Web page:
So the Sons of Ares take Darrow and they offer him the chance to live his wife’s dream: to rise up and become the revolution that will take their freedom from the hands of their social “betters” by any and all means necessary.
Pierce Brown’s Red Rising is the first in a new trilogy that promises a more aggressive, warrior- and tactic-based approach to the by this point traditional “destroy the government and free all the people” sub-genre of YA lit. Borrowing liberally from a handful of sources, Brown’s world offers up a new type of “hero” in Darrow—a largely unsympathetic caricature of a revolutionary developed not from a lowly, pre-destined hero/heroine, but crafted artificially and slotted into place as a willing, spirit-broken puppet.
Following one hell of an opening invective, Red Rising spends much of the first part mapping out its world’s structure:
The Gray soldiers prowl the cities ensuring order, ensuring obedience to the hierarchy. The Whites arbitrate their justice and push their philosophy. Pinks pleasure and serve in highColor homes. Silvers count and manipulate currency and logistics. Yellows study the medicines and sciences. Greens develop technology. Blues navigate the stars. Coppers run the beauracracy. Every Color has a purpose. Ever Color props up the Golds.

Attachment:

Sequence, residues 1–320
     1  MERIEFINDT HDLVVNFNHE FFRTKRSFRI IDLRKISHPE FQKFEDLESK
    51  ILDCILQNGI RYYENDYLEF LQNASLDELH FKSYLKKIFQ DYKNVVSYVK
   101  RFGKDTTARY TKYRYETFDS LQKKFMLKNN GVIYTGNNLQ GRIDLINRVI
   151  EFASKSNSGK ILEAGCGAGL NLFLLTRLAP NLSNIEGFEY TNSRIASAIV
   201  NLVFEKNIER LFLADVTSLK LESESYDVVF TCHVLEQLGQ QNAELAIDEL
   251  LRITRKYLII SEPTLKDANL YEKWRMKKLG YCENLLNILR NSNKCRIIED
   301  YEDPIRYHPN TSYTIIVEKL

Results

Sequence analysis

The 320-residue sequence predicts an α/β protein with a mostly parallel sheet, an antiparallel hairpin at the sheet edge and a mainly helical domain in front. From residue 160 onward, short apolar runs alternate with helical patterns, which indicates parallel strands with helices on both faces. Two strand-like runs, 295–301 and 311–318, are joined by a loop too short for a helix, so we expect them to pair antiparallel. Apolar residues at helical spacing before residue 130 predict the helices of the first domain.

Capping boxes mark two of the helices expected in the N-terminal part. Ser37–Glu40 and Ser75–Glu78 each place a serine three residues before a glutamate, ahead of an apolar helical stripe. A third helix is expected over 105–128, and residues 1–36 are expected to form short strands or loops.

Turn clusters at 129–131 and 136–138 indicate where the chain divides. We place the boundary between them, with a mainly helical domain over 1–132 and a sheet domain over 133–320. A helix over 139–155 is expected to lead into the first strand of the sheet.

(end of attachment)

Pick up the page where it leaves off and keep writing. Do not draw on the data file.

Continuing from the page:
Meanwhile, in the communities of Reds on Mars working the mines, the families are divided into different homesteads with names like Omega, Gamma, and Upsilon. Between the fraternity-style nomenclature and the clear divisions of worth based on “colour,” Red Rising from the get-go is positively bursting with components analogous to Communism, false democracies, the elitist threat of the 1 percent, and your basic pre-American civil war-style racism.
And Greek myth—that’s in there, too. Because why not.
If I sound like I’m being hard on this book maybe it’s because I really wanted to like it so much more than I did. First and foremost, I respect Brown’s ambition. Red Rising does not pull any punches—the novel is a battle cry for revolution, for people to not simply accept their lot in life because they were born into it, or because the upper echelon deems it so. However, where Red Rising fails in all its borrowing from other YA source material and its parallels to the real world, both of the past and of the present, is in constructing characters that I cared about—or even wanted to care about.